Fuente: FORENSIC SCIENCE INTERNATIONAL N.195 FEBRERO 2010
Carolyne Bird, Bryan Found, Kaye Ballantyne, Doug Rogers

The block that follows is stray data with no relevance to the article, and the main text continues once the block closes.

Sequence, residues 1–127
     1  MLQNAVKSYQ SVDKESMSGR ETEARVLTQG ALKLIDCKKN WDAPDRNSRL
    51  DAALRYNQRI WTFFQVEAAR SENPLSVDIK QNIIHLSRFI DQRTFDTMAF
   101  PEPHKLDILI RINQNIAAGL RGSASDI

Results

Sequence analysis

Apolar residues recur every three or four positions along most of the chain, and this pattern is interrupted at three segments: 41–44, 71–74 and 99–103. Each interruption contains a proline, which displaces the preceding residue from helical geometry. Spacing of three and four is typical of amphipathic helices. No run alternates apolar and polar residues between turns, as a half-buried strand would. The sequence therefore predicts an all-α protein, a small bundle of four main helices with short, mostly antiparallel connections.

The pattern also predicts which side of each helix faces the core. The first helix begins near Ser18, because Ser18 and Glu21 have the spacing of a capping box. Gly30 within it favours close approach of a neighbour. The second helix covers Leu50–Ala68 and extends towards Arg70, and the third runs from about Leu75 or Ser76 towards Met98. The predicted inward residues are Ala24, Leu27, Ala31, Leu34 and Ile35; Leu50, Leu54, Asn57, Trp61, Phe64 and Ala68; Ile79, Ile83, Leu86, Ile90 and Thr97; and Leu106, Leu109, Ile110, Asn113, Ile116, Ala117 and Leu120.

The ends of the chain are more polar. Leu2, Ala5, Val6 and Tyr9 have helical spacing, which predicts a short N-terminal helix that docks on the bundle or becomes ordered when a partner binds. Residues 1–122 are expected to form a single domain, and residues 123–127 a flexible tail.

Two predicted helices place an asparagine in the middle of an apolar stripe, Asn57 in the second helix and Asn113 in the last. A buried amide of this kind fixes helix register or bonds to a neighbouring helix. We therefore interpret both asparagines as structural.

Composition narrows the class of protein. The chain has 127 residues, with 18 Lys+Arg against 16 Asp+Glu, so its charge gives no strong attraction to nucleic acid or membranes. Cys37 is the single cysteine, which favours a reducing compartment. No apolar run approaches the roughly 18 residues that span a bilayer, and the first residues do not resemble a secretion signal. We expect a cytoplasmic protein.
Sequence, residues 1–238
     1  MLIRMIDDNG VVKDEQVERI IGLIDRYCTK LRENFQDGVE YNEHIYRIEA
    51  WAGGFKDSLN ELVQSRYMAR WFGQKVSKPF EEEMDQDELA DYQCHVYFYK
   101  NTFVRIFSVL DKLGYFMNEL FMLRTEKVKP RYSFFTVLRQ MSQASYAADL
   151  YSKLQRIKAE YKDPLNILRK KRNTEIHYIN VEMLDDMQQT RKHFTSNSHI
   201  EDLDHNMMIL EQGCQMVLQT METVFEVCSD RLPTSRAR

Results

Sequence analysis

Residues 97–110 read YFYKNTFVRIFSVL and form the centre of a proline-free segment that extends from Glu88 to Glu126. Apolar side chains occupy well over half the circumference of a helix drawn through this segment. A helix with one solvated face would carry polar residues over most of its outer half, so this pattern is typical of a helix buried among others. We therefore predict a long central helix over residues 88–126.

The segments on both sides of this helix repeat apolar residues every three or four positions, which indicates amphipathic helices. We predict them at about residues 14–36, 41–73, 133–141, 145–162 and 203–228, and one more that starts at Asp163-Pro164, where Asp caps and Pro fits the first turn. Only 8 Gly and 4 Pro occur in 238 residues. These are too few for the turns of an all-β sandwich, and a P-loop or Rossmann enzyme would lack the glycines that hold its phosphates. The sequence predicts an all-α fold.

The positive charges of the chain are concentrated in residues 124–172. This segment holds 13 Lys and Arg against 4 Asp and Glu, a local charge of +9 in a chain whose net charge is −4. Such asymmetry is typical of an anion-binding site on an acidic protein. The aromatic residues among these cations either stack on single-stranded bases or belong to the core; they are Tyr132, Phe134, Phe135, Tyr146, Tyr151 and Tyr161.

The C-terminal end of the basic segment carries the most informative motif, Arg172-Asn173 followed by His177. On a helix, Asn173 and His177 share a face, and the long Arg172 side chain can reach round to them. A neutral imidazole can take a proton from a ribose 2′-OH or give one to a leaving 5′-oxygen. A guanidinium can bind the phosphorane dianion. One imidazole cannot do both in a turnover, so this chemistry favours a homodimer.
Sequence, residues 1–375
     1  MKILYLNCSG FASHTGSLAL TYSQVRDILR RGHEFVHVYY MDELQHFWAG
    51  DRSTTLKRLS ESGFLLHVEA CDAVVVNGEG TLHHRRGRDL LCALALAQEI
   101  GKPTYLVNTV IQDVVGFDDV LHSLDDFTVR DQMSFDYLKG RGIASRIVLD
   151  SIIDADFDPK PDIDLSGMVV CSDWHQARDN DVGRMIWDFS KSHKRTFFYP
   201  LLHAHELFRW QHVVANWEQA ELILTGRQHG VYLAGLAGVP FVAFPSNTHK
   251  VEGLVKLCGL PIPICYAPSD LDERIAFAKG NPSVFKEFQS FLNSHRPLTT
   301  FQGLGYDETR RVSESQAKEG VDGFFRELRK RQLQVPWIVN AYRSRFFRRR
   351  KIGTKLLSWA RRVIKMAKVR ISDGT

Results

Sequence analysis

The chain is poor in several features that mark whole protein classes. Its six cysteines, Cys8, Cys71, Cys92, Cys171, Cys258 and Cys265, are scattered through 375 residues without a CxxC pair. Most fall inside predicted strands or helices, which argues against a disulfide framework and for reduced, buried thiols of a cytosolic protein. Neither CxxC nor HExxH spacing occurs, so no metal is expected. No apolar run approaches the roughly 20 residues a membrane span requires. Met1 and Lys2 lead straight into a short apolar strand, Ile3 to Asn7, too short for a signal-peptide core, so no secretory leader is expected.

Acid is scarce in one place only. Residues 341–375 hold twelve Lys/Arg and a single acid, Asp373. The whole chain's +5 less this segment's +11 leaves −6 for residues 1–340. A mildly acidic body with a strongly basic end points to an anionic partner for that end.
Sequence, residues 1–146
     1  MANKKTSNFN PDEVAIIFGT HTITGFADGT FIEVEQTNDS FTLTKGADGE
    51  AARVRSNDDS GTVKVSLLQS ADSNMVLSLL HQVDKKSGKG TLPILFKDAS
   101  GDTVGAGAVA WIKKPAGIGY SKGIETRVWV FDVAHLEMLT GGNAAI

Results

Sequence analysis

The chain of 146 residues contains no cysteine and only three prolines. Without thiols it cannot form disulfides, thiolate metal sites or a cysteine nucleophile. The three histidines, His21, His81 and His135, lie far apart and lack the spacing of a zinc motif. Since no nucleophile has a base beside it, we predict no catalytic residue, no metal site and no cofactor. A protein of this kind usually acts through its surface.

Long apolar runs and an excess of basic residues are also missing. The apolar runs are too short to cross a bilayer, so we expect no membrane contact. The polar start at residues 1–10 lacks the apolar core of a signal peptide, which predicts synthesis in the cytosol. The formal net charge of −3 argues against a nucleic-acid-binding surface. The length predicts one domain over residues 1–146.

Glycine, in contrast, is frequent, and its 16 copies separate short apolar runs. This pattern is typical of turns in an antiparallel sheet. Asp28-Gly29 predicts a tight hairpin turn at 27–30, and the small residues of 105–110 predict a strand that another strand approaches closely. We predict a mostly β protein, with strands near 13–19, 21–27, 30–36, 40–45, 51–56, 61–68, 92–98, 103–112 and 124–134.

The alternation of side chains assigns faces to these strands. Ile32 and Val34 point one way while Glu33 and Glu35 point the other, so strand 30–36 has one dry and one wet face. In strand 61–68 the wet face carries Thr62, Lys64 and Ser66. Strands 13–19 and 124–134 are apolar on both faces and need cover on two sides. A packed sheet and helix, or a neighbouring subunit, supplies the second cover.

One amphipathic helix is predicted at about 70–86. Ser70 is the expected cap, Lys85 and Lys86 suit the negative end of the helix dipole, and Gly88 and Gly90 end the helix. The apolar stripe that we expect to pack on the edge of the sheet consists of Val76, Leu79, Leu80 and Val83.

Large-scale blind testing of forensic handwriting examiners (FHEs) has shown that authorship opinions on disguised and simulated signatures attract higher misleading and inconclusive rates than genuine signatures do. To test whether this is due to the failure of FHEs to detect the indicators of disguise/simulation behaviours we examined their opinions regarding the ‘process of production’ (which in this case was a choice between written naturally or written using a disguise/simulation strategy) of the questioned disguised and simulated signatures in blinded skill testing trials. The relationship between their process opinions and authorship opinions is then assessed. It was found that the majority of the inconclusive authorship opinions for both disguised and simulated signatures had a correct process opinion (707 of 1241, 57.0% for disguised; 3838 of 4368, 87.9% for simulated), with only 7.3% (90 of 1241) of the disguised and 0.85% (37 of 4368) of the simulated signatures exhibiting incorrect process opinions. For the total misleading authorship opinions relating to disguised signatures, the majority of the process opinions were correct (167 of 241, 69.3%) indicating that a disguise/simulation process was detected, but misinterpreted as being by another writer. These results show the usefulness of FHEs offering a first stage simulation/disguise process opinion without going on to form an opinion on authorship, as the support for the proposition that a signature is something other than genuine may be, in itself, of strong evidential value.